On Monday 17 December 2018, School-Home Support featured on BBC Breakfast. We were highlighting the issue of rising child poverty, and how families are struggling more than ever – but particularly at Christmas time.
“Hopieann Platt provides a lifeline.
She works for the charity School-Home Support. As the name suggests, it helps families to ensure their children are in school and learning – even if they’re struggling to make ends meet.”
– John Maguire, BBC Breakfast Reporter
The piece included a candid roundtable discussion with SHS Practitioner Hopieann and parents at English Martyrs’ RC Primary School, which Hopieann is based in. Hyacinth Appah, the Headteacher at EMS also shared how she has seen pupil poverty increase in recent years.
Additionally, the National Education Union ran a ‘Pupil Poverty Teachers’ Survey’ which revealed stark results from over 1,000 UK teachers:
- 53% say children will go hungry over Christmas
- 63% say fewer children will have adequate winter clothing
- 46% are seeing a rise in housing problems
SHS Practitioner, Hopieann Platt, was interviewed about the early interventional work she does with families facing disadvantage. The support she gives covers issues such as poverty, unstable housing, immigration issues and emotional well-being. Hopieann embodies the passion and commitment of SHS, and we’d like to thank her for her continued support and the impact she makes.
The government also featured in the report, stating that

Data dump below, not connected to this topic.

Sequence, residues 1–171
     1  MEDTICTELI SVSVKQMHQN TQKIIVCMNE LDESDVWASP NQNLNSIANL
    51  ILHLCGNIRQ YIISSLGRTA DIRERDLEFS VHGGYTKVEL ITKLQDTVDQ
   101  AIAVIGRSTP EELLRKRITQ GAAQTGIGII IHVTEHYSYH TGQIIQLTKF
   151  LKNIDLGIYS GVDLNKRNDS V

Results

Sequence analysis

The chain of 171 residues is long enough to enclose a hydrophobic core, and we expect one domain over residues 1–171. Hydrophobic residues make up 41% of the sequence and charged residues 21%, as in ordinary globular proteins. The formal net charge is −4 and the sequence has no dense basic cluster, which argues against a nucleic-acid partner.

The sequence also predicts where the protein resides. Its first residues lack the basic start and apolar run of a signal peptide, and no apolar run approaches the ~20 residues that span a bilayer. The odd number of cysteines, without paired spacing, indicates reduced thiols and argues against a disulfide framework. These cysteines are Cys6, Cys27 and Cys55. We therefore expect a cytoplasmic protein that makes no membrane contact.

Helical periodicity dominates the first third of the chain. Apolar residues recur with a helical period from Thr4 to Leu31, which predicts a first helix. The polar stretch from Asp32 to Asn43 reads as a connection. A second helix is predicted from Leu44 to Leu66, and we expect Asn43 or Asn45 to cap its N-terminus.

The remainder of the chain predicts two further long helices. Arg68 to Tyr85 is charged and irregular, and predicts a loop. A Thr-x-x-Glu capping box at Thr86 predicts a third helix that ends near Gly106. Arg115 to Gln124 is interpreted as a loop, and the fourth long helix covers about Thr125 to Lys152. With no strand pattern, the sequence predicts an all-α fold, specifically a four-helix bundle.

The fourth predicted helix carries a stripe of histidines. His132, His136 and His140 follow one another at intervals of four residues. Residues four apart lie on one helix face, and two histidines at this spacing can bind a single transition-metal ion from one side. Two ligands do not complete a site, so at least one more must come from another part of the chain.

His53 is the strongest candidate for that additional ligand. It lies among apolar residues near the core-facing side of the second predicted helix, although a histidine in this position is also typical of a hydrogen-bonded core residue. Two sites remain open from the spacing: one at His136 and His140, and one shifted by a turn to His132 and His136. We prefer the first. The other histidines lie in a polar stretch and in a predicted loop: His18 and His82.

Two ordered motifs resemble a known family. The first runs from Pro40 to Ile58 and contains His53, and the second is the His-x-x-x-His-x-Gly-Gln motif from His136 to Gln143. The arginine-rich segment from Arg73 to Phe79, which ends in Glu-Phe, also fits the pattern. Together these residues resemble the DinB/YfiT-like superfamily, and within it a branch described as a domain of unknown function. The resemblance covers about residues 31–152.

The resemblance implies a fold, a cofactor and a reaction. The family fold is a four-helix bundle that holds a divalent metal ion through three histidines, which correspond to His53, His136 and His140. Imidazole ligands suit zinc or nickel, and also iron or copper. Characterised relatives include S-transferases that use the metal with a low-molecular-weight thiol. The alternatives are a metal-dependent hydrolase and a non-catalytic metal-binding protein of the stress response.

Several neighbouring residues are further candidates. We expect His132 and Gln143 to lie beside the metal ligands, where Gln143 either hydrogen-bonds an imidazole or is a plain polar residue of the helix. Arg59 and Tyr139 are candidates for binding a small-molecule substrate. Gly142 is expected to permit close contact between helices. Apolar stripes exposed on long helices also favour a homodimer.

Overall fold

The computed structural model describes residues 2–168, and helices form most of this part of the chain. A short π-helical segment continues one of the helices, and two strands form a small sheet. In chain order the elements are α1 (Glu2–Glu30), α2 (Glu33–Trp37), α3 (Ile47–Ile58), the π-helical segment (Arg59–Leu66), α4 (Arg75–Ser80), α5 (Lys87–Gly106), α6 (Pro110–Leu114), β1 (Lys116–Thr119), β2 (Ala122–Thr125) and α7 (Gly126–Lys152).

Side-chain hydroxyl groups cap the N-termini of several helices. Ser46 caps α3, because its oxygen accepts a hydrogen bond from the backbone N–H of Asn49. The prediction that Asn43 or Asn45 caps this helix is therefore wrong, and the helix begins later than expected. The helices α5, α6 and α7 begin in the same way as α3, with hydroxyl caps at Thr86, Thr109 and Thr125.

“There are 300,000 fewer children living in absolute poverty, employment is at a record and we’re committed to ensuring every child gets the very best chances.”
Unfortunately, this is simply not the reality our families experience.
4.1 million children are currently living in poverty in the UK. In a class of thirty, nine students will be from deprived backgrounds, making them almost three times more likely to be persistently absent from school than those from the least deprived areas. Poverty is impacting over 30% of children in the UK – what life chances do they have at the moment?
School-Home Support exists to support these children and their families. But requests made to the SHS Welfare Fund have become increasingly basic, with families struggling to afford even the most essential items, such as food and heating. There has also been a significant growth of ‘in-work’ poverty, and more must be done to support families that, despite their best efforts, are struggling to make ends meet.
As a gesture of gratitude to the parents who shared their experiences with us and the BBC, we provided Christmas presents to every child in each family. Find out more about our #SHSChristmasKindness campaign and see how you can get involved for 2019.